With the exception of character set and sort order, all the decisions you make during installation can be changed at a later time. As mentioned earlier, you can change your decisions about the account under which the SQL Server services should run and whether SQL Server should start automatically when the system starts. You do this either through Control Panel's Services applet or by editing the properties of your SQL Server through SQL Server Enterprise Manager. You can also change the Security options for SQL Server using SQL Server Enterprise Manager to specify whether SQL Server should use Windows NT authentication only or whether it should also use Standard SQL Server authentication. You can change the network interface options using the Server Network Utility. The character set and sort order cannot be changed on an existing SQL Server installation without rebuilding your master database and recreating all your user databases. (Restoring backups is not sufficient. A restore maintains the character set and sort order that were in effect at the time the backup was made.)
Prior versions of SQL Server allowed you to run the setup program with special flags to carry out special operations. Because SQL Server 7 installation uses the generic InstallShield, no SQL Server_specific flags are allowed on the setup command line. Instead, SQL Server 7 provides additional utilities to carry out these special operations:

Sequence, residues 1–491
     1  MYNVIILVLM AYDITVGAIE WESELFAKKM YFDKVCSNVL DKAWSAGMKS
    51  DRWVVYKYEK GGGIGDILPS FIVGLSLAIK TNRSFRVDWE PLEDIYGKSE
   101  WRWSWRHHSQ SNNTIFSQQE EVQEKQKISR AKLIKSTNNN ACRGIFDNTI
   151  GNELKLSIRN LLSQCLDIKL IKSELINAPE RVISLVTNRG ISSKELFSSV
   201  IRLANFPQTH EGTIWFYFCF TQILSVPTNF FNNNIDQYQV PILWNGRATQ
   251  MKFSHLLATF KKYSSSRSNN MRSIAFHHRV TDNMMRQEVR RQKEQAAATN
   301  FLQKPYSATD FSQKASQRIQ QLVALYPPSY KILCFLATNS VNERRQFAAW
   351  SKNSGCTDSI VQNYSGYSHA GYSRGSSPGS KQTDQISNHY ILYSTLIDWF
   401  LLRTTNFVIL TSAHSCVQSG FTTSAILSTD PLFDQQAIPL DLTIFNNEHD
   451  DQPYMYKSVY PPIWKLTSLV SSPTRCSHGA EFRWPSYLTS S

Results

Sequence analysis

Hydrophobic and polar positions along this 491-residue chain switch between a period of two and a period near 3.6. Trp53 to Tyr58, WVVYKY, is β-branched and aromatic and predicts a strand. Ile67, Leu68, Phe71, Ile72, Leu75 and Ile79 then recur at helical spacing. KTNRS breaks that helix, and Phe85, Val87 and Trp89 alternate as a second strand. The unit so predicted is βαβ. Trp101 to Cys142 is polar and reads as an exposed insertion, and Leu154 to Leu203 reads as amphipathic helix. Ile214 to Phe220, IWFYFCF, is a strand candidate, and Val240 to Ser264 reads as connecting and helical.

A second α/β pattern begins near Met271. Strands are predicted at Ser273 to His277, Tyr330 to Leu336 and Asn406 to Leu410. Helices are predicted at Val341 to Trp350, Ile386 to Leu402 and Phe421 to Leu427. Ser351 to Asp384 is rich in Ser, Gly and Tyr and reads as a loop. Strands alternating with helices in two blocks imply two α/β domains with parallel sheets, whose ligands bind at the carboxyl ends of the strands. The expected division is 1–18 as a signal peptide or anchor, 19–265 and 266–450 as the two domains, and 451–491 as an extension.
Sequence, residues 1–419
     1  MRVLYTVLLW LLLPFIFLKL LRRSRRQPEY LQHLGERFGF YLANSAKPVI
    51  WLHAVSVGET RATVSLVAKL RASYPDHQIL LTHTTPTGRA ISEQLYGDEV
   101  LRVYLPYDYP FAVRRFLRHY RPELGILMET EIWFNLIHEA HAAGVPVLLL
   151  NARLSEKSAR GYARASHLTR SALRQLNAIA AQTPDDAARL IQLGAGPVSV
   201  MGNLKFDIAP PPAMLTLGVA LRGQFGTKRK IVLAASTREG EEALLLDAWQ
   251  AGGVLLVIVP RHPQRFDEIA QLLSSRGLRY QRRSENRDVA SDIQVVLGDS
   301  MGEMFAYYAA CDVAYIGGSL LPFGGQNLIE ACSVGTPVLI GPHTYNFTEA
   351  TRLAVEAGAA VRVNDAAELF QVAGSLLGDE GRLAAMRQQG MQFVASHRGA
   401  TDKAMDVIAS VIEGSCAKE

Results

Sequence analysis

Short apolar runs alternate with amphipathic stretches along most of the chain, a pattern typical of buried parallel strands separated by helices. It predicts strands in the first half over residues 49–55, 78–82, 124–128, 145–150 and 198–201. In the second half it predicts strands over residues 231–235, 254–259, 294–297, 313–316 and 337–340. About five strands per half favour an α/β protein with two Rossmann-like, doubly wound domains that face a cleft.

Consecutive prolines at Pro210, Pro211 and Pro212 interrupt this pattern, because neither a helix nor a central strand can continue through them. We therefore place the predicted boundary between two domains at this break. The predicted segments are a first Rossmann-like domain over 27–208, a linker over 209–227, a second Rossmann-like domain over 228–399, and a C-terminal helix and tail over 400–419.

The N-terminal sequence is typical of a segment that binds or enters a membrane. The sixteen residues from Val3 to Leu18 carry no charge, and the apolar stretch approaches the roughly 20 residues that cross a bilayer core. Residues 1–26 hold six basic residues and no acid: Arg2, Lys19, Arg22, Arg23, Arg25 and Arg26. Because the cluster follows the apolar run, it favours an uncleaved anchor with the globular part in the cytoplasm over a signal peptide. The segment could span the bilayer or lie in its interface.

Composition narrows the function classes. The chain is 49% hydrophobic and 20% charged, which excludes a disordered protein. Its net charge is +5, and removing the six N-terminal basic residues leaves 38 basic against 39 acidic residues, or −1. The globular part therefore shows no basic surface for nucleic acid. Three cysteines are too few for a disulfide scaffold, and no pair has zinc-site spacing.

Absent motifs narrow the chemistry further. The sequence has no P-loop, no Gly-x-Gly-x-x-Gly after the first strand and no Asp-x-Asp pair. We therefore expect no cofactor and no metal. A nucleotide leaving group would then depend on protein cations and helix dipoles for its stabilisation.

If you want to add components, you can rerun the SQL Server installation program from the original CD. The program will detect and display components you already have installed and let you select additional components. The main dialog box is very specific about the actions it will perform: "Selecting components already installed will not reinstall them and unselecting components already installed will not remove them." The components you might want to install in this way, after the initial installation, include:
Two other tools are available with SQL Server 7 that are not part of the standard installation. The initial installation screen gives you the choice of installing SQL Server (Desktop or full server edition), SQL Server 7.0 OLAP Services, or English Query. If you choose either of the latter two options, SQL Server itself is not installed and an existing SQL Server 7 installation will not be affected.